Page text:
It appears that the petitioner is not in anyone's custody. She listed her address on the petition as a post office box in Milwaukee. Dkt. No. 1 at 35. As the court has discussed, it can't find her in federal prison, state prison or either the Milwaukee or Waukesha County jails. In the petition, the petitioner asserted that "custody includes not only physical custody, but also restraints that are severe, immediate, and not shared by the public generally," and she argues that "[a] bail or bond is a restraint for habeas corpus purposes." Id. at 2.

As far as the court can tell, the petition alleges that in July 2018—the time she filed her petition—she was being prosecuted in Milwaukee County Circuit Court and she felt the prosecution violated the Constitution or laws of the United States. The petition itself contains pages and pages of vague allegations about the "state proceedings"—how they are unfair, and how they have deprived her of her rights. Along with the complaint, she filed what appears to be (1) police dispatch records and police reports from July of 2016 relating to a strong-arm robbery, dkt. no. 1-1 at 2-6, (2) a page of a transcript from an unidentified court proceeding, dkt. no. 1-1 at 7; (3) a May 2017 affidavit from the petitioner asserting certain unfair pretrial and trial proceedings occurring in Milwaukee County Court Case Number 2016CF003074, dkt. no. 1-1 at 8-11; (4) three pages of an unidentified court transcript (at which Vance-Curzan is identified as the prosecutor), dkt. no. 1-1 at 11-14; (5) a "motion to dismiss" with the caption for Milwaukee County Case Number 2016CF3074 and signed by the petitioner, dkt. no. 1-1 at 15-24; (6) another page of Milwaukee police department dispatch records for an event on July 7, 2016, dkt. no. 1-1 at 25; a second motion in Milwaukee County Case No. 2016CF3074, signed by the petitioner, dkt. no. 1-1 at 26-33; (7) a motion objecting to non-Article III judicial participation captioned for Milwaukee County Case No. 2016CF3074, dkt. no. 1-1 at 34-36; and several documents from the Wisconsin Court of Appeals and the Supreme Court of Wisconsin, relating to Milwaukee County Case No. 2016CF3074, id. at 37-40.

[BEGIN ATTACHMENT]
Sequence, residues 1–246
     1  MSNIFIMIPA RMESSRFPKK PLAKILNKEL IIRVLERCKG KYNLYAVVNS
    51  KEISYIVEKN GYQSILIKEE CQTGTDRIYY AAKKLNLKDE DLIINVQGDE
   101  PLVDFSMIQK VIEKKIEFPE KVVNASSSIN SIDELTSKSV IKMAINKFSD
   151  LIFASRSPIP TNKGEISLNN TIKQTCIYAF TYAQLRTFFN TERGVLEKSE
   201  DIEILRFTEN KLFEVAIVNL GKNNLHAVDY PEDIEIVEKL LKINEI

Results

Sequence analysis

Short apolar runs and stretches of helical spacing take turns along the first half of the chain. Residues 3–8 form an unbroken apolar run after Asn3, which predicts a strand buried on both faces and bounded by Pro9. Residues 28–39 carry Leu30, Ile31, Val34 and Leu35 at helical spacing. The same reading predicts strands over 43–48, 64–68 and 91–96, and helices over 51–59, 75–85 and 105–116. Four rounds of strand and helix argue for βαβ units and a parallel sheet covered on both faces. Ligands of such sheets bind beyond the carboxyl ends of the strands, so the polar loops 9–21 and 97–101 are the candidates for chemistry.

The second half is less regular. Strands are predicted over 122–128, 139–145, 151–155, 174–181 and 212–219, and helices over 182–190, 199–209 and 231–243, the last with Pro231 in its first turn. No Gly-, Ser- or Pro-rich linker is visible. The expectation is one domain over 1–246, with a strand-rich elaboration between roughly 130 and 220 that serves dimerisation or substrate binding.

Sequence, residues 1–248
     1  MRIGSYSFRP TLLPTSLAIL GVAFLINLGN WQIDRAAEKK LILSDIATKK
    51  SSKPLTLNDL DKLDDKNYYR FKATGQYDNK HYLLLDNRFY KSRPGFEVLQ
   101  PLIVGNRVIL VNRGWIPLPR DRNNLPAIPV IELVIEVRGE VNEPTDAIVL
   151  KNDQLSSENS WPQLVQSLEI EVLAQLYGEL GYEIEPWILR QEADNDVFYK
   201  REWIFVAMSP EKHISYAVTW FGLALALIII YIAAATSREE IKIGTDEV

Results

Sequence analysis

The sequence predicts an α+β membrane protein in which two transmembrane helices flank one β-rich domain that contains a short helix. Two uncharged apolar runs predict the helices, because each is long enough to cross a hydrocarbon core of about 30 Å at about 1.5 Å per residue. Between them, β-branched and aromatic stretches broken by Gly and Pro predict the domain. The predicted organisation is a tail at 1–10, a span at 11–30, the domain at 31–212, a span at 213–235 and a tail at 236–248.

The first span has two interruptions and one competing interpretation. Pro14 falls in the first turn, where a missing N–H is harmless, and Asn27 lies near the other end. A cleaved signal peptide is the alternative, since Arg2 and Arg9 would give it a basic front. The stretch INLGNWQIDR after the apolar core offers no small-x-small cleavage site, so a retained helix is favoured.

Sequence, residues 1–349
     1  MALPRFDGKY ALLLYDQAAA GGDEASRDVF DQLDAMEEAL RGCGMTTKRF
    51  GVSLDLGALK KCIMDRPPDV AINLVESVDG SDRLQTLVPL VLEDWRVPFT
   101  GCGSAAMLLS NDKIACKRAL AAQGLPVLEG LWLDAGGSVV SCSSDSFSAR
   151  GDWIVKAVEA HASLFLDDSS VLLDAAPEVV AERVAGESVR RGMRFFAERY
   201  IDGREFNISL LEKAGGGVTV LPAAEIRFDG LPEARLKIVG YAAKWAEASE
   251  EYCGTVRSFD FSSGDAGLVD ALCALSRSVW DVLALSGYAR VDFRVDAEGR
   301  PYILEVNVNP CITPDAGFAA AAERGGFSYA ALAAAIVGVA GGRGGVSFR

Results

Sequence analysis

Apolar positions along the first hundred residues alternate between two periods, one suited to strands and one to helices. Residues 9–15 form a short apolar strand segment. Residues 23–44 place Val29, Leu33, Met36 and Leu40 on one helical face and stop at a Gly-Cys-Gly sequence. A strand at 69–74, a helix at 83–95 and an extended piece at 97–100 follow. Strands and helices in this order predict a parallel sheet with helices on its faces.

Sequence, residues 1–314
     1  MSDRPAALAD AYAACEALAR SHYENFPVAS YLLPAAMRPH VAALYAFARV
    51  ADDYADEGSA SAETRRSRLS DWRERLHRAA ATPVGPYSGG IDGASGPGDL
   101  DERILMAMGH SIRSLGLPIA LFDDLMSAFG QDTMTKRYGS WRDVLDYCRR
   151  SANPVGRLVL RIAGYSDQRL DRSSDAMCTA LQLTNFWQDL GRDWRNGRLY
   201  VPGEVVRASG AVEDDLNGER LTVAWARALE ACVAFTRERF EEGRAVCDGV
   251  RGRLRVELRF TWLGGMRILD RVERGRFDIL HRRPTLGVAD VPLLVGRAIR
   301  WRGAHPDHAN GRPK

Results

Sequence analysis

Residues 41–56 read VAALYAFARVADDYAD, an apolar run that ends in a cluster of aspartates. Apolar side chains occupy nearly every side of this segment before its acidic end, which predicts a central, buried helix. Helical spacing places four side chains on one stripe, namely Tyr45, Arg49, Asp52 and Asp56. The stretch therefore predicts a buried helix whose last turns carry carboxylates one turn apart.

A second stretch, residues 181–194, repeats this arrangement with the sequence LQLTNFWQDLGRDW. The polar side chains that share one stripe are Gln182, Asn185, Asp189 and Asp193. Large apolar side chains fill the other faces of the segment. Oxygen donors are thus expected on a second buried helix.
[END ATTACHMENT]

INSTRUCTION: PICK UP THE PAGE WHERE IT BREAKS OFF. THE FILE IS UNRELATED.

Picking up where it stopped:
The court has reviewed the publicly available docket for Milwaukee County Case No. 2016CF3074. See State v. Griffin, Milwaukee County Circuit Court Case No. 16CF003074 (available electronically at https://wcca.wicourts.gov). That docket shows that on July 9, 2016, a complaint was filed against the petitioner. The court ordered the petitioner released on a signature bond on July 10, 2016. On August 2, 2016, the circuit court allowed the petitioner's counsel to withdraw and allowed her to represent herself. As of July 17, 2018—the date the petitioner filed this case in federal court—the plaintiff was scheduled for trial on July 23, 2018. The state docket shows that the trial went forward on July 23, 2018, and that on July 25, 2018—eight days after the petitioner filed this petition—the jury returned a not-guilty verdict in favor of the defendant, and she was acquitted of the charge.